John Henry: Red Sox and Boston Globe Boss Man
On one hand, it makes total sense; on the other, it’s still a little jarring.
Beth Healy, the Boston Globe business reporter covering the paper’s sale to Red Sox owner John Henry, is sort of living the dream right now. All she has to do is show up at work and, boom, the story comes to her. Take this morning, when the new Globe owner showed up unannounced in the paper’s newsroom.
John Henry pops in for a visit with editors at morning meeting
— Beth Healy (@HealyBeth) August 5, 2013
In baseball, they’d call that a room-service hop. So, how did Healy’s fellow Globies react to having the boss-man in the building?
Some, like Metro editor Jennifer Peter and reporter David Abel, just reported the news.
John Henry making the rounds in the #Globe newsroom, shaking hands. Says he’s just happy to be part of the team. No plans for a speech.
— Jennifer Peter (@GlobeJenPeter) August 5, 2013
Henry won’t be speaking or taking questions about his plans for the Globe, but he is making his way around the newsroom diligently. — David Abel (@davabel) August 5, 2013
Others wondered where Henry’s famous friends were.
Business reporter Erin Ailworth passed along a nice little anecdote. (Subtext alert: Henry likes the business section because he’s ugodly rich.)
John Henry, introducing himself around the Globe, just told the business reporters, “Ahh, my favorite section.”
— Erin Ailworth (@ailworth) August 5, 2013
And transportation reporter Martine Powers provided emergency advice for when your new boss unexpectedly decides to pop in:
Oh in the newsroom, as Henry makes rounds to shake reporters’ hands: “It’s too late for you guys to clean up your desks, so just look busy.”
— Martine Powers (@martinepowers) August 5, 2013
On the one hand, it makes total sense that Henry would be walking around the Globe newsroom. He did just agree to pay $70 million to buy it. On the other, the idea is still a little jarring. After all, this is John Henry, owner of the Red Sox, we’re talking about. Covering that team is a huge part of what the Globe does. Editor Brian McGrory has said that absolutely nothing will change about the Globe’s Sox coverage, but it’s going to be hard not to view the sports page skeptically. We all remember how, from 2002-2012, the New York Times Company owned both the Globe and a minority stake in the Red Sox. There was never any smoking gun or clearly egregious act on the part of the Globe, but there was always lots of muttering. Often, it just looked bad. And the current situation, with Henry as the man totally in control of both entities, blows away the Times Company’s previous conflict. Whether or not the paper does anything wrong, so long as the guy calling the shots at the paper is the owner of the Red Sox, the perception of conflict will always be there. That may not be fair, but it’s how it is. (And there already seems to be plenty of angst in the sports department over the situation.)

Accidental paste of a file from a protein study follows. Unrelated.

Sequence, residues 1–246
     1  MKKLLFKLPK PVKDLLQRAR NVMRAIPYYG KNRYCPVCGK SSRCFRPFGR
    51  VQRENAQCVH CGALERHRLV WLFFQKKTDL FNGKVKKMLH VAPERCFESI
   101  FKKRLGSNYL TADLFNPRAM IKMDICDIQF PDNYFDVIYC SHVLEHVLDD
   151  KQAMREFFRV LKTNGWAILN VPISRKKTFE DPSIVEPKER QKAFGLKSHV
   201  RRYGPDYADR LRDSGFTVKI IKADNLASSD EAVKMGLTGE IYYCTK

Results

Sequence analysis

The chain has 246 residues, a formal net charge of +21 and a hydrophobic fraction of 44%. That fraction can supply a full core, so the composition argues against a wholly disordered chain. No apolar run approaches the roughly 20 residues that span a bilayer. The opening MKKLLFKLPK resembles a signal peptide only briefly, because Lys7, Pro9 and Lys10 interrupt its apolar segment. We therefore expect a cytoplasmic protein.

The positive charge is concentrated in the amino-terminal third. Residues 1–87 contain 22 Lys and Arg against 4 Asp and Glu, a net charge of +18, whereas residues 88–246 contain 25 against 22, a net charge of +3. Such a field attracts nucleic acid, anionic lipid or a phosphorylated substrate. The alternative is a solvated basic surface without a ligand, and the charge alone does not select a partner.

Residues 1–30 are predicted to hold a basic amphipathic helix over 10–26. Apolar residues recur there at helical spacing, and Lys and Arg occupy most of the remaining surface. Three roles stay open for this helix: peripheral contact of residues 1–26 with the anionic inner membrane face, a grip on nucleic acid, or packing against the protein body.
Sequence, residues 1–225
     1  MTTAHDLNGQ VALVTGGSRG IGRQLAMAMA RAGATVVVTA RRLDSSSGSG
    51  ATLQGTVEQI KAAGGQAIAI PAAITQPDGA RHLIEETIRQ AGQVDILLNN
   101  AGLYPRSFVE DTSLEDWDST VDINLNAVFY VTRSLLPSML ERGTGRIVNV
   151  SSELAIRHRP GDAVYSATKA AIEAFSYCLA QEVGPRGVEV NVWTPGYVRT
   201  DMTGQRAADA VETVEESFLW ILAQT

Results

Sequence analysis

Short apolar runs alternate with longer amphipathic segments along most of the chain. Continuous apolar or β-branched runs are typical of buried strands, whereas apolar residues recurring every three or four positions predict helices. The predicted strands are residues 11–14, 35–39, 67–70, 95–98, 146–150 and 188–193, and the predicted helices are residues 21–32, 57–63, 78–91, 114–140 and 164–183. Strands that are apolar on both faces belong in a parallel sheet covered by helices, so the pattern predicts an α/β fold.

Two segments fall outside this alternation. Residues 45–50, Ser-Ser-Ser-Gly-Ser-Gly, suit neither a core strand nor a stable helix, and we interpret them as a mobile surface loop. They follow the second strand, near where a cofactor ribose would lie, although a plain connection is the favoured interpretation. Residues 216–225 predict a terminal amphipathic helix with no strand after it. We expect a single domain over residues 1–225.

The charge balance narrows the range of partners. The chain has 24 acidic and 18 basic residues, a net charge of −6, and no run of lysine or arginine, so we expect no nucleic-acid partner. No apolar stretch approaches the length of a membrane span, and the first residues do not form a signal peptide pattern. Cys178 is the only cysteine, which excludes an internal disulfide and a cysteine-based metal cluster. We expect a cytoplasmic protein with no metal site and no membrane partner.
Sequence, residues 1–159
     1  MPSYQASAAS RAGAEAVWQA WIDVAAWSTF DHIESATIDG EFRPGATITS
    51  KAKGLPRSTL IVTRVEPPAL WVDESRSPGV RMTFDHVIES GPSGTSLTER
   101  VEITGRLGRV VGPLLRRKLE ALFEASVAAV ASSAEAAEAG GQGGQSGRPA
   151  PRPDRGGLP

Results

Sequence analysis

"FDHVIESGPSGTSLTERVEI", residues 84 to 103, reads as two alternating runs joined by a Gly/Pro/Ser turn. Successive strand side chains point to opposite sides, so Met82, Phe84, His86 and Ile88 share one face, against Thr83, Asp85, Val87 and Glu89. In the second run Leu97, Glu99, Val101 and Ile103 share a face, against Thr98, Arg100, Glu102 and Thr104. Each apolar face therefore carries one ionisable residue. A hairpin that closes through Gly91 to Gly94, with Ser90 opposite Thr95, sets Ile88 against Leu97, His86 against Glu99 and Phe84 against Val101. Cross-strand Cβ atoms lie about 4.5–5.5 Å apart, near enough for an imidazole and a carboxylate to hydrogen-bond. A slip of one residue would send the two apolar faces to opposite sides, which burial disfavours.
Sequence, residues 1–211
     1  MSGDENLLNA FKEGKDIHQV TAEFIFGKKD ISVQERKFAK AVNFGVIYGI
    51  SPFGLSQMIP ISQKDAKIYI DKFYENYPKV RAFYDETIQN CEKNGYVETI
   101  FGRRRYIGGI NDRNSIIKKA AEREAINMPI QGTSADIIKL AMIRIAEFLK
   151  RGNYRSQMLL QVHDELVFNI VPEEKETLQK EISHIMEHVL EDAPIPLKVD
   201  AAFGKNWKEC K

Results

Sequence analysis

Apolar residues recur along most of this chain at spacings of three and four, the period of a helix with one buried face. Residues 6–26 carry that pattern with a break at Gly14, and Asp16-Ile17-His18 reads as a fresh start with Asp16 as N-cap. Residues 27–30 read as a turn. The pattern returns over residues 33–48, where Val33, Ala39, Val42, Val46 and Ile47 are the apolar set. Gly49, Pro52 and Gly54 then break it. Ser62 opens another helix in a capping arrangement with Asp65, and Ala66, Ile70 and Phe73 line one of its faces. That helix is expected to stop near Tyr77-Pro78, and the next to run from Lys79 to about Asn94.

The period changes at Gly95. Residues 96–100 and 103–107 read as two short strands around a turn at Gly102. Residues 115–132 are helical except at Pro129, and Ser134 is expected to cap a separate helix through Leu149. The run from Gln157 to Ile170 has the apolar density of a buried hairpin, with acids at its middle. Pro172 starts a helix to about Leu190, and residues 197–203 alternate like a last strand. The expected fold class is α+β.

That being said, if Henry turns out to be a good steward for the rest of the paper, the Globe’s Red Sox credibility would be a small price to pay. The paper regularly pumps out truly impressive and important reporting on real things that matter in this city, and, as much as well all love baseball, it is just baseball. Besides, we haven’t been too high on the Globe’s sports coverage lately anyway. There are plenty of other outlets that can pick up the slack on the Red Sox. Of much greater concern is how the Globe reports on the Red Sox’s many and various business dealings in the city. As Dan Kennedy smartly points out at HuffPo, “The real issue is not how the Globe covers the Red Sox as a baseball team but rather how it manages the tricky task of reporting on a major business and civic organization that’s run by the paper’s new owner.” This is where it gets really tricky—we’re just going to have to see how it plays out.
In the meantime, here’s hoping that Henry had a good walk around the Globe newsroom this morning and, regardless of how the sports page ends up looking, his ownership of the paper does right by the city.